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Genes & Chromosomes

Genes & Chromosomes

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Genes & Chromosomes

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  1. Genes & Chromosomes Chapter 24

  2. Central Dogma (p.906) • DNA replicates  more DNA for daughters • (Genes of) DNA transcribed  RNA • Gene = segment of DNA • Encodes info to produce funct’l biol. product • RNA translated  protein

  3. Genome • Sum of all DNA • Viruses (Table 24-1) • Rel small amt DNA • 5K to 182K base pairs (bp’s) • One chromosome • Chromosome = “packaged” DNA • Many circular

  4. Genome – cont’d • Bacterial DNA -- larger than viral • E. coli -- ~4.6 x 106 bp’s • Both chromosomal and extrachromosomal • Usually 1 chromosome/cell • Extrachromosomal = plasmid • 103-105 bp’s • Replicate • Impt to antibiotic resistance • Eukaryotes – many chromosomes • Single human cell DNA ~ 2 m • Must be efficiently packaged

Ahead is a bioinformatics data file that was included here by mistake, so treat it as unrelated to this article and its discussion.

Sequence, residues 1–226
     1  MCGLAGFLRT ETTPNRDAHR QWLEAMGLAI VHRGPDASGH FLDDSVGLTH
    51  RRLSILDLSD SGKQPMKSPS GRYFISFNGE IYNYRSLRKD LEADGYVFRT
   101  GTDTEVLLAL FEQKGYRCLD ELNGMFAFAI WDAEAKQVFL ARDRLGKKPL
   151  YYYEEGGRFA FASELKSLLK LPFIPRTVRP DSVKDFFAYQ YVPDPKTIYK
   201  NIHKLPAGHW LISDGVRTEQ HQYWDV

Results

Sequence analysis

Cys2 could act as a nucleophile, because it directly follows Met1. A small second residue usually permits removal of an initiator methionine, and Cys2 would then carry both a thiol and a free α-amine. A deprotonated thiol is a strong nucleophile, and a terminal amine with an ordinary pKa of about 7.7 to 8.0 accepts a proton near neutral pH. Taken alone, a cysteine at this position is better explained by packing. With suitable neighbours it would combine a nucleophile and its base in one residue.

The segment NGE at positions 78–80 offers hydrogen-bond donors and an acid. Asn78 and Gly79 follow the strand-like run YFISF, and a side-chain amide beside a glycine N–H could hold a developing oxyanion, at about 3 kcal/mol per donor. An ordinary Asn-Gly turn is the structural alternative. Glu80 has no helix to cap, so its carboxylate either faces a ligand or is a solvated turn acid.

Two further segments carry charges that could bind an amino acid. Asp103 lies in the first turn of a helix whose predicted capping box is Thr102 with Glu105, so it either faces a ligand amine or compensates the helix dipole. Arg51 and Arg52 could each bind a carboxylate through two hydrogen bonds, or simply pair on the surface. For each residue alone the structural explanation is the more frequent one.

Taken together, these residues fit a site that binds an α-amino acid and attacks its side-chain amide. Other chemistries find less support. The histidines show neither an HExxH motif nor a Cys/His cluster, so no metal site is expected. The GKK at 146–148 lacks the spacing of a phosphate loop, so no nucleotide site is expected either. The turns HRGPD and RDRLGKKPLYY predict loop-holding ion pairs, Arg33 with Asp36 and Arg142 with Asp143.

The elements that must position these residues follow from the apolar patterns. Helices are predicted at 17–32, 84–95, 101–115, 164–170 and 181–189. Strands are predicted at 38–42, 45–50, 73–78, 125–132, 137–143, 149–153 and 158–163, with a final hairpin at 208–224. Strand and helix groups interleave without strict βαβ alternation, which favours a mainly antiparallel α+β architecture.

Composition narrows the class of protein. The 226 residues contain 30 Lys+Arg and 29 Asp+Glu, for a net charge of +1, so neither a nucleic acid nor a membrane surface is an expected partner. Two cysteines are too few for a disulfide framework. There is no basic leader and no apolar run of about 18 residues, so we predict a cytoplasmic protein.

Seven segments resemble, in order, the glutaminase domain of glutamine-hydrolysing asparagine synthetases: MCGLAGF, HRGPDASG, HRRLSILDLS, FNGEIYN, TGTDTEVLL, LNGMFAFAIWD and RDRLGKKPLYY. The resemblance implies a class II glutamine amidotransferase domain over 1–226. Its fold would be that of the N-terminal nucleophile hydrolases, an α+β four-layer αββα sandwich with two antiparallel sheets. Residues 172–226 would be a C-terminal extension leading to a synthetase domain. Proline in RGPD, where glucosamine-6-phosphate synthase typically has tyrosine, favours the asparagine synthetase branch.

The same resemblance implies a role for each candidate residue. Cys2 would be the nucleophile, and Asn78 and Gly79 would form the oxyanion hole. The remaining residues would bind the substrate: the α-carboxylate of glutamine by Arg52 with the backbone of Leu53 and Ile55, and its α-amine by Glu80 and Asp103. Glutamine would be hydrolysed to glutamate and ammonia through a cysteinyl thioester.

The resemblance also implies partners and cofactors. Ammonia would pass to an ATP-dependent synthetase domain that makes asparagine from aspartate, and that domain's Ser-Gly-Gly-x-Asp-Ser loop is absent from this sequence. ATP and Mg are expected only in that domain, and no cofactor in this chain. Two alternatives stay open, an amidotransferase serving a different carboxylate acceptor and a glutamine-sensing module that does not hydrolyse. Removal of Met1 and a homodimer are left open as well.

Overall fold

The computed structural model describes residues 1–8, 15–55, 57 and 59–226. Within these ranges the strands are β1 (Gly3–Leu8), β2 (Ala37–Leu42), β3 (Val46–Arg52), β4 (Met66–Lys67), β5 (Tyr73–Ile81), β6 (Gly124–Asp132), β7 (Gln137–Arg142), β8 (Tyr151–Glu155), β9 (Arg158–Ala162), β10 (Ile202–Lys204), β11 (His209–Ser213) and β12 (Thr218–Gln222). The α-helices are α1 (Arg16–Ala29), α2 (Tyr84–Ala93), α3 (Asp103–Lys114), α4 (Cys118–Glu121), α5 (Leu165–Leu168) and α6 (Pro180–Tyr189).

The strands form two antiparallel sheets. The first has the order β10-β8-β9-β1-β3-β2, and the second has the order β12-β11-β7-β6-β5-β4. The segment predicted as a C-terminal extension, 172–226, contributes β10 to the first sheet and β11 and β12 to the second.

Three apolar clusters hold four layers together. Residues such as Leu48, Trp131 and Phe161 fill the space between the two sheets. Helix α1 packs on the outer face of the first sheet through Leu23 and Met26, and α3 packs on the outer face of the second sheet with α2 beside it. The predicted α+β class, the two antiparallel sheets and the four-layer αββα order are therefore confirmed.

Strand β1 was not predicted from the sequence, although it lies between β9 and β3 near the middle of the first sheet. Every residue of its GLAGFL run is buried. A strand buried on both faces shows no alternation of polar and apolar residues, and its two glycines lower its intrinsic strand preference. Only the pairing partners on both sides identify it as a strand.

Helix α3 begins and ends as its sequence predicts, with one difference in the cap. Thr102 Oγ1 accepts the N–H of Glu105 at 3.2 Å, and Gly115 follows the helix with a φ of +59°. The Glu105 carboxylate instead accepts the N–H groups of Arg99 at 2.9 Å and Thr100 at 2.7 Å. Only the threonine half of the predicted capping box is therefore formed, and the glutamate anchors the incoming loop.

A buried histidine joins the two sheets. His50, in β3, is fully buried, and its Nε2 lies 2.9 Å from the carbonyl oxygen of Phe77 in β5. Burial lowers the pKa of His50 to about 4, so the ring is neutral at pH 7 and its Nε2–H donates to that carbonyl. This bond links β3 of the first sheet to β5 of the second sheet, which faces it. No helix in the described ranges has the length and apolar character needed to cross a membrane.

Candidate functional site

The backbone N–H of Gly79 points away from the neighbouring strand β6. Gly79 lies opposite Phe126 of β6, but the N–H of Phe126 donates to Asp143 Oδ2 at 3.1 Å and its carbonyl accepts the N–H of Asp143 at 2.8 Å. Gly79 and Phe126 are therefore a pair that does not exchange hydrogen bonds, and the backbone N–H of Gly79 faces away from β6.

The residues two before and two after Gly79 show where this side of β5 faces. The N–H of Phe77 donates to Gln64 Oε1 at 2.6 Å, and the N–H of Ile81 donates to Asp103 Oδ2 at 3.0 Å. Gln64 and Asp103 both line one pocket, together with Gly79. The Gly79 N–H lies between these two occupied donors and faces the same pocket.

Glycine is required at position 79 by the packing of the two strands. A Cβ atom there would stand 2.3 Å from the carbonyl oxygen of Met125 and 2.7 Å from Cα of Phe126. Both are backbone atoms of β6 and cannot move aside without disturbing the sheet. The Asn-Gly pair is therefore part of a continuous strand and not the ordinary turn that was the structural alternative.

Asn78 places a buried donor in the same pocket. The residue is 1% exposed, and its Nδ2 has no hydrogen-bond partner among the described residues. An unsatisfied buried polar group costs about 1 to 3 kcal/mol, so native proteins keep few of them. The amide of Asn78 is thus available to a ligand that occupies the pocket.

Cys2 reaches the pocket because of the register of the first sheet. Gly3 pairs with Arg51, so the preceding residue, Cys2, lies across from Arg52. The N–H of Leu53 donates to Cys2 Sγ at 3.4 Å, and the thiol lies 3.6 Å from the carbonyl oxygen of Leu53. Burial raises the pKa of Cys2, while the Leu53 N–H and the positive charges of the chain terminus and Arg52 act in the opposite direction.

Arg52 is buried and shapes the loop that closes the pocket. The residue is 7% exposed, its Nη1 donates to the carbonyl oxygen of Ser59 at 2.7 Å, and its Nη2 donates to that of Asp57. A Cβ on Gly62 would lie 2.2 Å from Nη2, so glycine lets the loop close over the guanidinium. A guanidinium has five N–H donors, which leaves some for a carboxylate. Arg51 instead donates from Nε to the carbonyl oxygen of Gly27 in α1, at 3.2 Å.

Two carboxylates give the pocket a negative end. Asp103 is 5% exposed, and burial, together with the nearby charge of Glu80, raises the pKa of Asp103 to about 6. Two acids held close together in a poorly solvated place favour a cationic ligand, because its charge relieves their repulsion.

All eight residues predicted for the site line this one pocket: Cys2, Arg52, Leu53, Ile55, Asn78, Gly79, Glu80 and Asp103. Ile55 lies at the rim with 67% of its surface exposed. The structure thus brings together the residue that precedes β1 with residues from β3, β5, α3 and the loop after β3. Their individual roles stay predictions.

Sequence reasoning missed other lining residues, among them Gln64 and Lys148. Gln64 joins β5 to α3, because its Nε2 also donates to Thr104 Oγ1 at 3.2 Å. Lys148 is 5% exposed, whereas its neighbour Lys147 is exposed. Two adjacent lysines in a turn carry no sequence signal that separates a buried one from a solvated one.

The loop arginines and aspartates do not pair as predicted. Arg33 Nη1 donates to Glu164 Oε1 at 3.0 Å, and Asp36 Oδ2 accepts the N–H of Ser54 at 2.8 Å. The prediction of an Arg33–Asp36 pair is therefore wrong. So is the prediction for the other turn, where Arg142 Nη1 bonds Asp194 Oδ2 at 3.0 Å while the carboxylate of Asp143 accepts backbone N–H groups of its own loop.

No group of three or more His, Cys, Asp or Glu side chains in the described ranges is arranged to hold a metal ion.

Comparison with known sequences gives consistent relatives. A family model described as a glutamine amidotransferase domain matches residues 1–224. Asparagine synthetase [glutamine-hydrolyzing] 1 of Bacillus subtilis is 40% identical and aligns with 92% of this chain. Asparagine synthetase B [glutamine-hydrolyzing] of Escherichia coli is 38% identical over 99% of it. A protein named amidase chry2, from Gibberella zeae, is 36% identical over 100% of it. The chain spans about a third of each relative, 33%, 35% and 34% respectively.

5. Chromosomes • Each has single, duplex DNA helix • Contains many genes • Historical: One gene = one enzyme • Now: One gene = one polypeptide • Some genes code for tRNAs, rRNAs • Some DNA sequences (“genes”) = recognition sites for beginning/ending repl’n, transcr’n

  6. Chromosomes – cont’d • Most gene products are “proteins” • Made of aa’s in partic sequence • Each aa encoded in DNA as 3 nucleotide seq along 1 strand of dbl helix • How many nucleotides (or bp’s) needed for prot of 350 aa’s?

  7. Fig.24-2

  8. Euk Chromosomes Complex • Prok’s – usually only 1 cy of each gene (but exceptions) • Euk’s (ex: mouse): ~30% repetitive • “Junk”? • Non-trascribed seq’s • Centromeres – impt during cell division (24-3) • Telomeres – help stabilize DNA • Introns – “intervening” seq’s (24-4) • Function unclear • May be longer than coding seq’s (= exons)

  9. Fig.24-3

  10. Fig.24-4

  11. Supercoiling • DNA helix is coil • Relaxed coil is not bent • BUT can coil upon itself  supercoil (Fig.24-9,10) • Occur due to packing; constraints; tension • Superhelical turn = crossover • Impt to repl’n, transcr’n (Fig.24-11) • Helix must be relaxed so it can open, expose bp’s • Must be able to unwind from supercoiling

  12. Fig.24-9

  13. Fig.24-10

  14. Fig.24-11

  15. Fig.24-13